Retirement covenant may fail without advice changes
The Government’s ambitions to implement a Retirement Income Covenant may be destined to founder unless there are significant changes to the financial advice regime.
That is one of the bottom line warnings to the Treasury from major consultancy, Deloitte, which has pointed to the risks and costs of compliance around financial advice being too high for superannuation funds to deliver on the retirement income covenant objective.
In an analysis of the situation, Deloitte declared that “without significant changes to the financial advice regime, Treasury’s goals for the Retirement Income Covenant will struggle to have a material impact”
In doing so, it outlined the thing within the existing advice regime which it believed would need to change.
“The risks and costs of compliance will be too high and there will be many compromises which will reduce the efficiency and effectiveness of the system. For example, funds could opt to have a single retirement strategy on the grounds that the development of cohorts is too risky given the current financial advice regime,” the Deloitte analysis said.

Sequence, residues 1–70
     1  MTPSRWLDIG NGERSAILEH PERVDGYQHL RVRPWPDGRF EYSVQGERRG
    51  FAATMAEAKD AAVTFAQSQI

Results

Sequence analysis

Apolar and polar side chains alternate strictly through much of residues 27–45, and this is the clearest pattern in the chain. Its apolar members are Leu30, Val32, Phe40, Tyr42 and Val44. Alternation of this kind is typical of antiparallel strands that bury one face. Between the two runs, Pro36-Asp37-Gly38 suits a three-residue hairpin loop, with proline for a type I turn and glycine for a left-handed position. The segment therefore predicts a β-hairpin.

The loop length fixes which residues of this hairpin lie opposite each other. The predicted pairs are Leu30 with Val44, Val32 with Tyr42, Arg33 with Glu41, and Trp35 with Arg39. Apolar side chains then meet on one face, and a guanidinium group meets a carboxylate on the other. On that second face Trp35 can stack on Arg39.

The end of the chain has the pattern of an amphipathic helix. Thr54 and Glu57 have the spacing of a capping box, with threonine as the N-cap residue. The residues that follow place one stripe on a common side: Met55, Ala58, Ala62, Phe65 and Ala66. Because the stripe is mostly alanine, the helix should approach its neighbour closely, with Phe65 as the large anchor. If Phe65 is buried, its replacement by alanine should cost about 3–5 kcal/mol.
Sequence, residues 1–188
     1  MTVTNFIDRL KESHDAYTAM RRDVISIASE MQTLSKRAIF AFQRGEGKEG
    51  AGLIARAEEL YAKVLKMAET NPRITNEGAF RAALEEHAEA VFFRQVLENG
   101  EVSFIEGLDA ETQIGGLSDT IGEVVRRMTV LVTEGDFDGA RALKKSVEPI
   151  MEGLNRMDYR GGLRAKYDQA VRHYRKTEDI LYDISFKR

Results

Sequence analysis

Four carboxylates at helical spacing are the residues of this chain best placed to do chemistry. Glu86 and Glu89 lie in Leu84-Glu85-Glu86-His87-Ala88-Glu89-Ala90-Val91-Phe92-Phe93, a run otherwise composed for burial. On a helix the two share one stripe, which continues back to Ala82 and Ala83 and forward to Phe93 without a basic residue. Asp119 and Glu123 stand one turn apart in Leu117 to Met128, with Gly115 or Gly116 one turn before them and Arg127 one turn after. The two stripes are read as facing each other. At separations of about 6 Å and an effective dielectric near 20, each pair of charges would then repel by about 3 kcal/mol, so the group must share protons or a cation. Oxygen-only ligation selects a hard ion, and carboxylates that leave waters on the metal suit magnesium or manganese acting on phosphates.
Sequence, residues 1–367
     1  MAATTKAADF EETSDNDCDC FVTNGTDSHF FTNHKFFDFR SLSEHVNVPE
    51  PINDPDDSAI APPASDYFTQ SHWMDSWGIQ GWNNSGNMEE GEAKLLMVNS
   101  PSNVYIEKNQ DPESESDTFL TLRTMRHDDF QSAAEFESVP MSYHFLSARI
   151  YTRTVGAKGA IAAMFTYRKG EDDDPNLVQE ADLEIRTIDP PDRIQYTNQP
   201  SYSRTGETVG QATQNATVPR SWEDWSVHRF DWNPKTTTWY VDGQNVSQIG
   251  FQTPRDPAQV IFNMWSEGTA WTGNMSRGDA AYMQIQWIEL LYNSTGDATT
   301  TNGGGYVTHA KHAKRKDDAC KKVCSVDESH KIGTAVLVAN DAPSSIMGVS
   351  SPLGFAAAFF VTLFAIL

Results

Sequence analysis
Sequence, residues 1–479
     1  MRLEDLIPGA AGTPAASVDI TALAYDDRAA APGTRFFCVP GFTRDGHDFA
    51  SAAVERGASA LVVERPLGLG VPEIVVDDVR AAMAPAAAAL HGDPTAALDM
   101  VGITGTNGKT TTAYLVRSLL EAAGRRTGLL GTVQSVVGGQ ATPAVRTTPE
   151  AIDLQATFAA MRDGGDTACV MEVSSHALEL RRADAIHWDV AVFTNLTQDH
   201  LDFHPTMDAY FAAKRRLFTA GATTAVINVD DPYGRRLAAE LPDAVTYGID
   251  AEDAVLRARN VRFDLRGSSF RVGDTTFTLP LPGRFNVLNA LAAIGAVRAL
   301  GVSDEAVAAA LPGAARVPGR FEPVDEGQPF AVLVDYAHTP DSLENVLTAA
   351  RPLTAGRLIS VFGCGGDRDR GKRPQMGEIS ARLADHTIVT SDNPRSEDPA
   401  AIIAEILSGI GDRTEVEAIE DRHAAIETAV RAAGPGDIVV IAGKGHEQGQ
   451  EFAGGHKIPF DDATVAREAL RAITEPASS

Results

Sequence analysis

“We consider new laws are needed to cover:
- Expanded use of personal information on benefit statements projecting annual income in retirement (including the Age Pension).
- Collection of additional data to allow funds to provide guidance on appropriate retirement strategies for individual members.
- Collection of data and guidance for retirees on any change in circumstances such as the events we previously listed.
- Compliance requirements for retirement income guidance that are specific to and sufficient for this type of advice.
- Use of technology and delivery of guidance via call centres and web chat functions (including when supported by automated bots and humans). This will be needed to cope with the volume of guidance and advice required for members approaching retirement and for members in retirement.”
“We consider technology has a major role to play in keeping the costs of delivery to acceptable levels. We note the growth of Money Coaches providing advice on budgeting and debt collection using online tools. Similar concepts could be used by superannuation funds once the financial advice laws are amended.”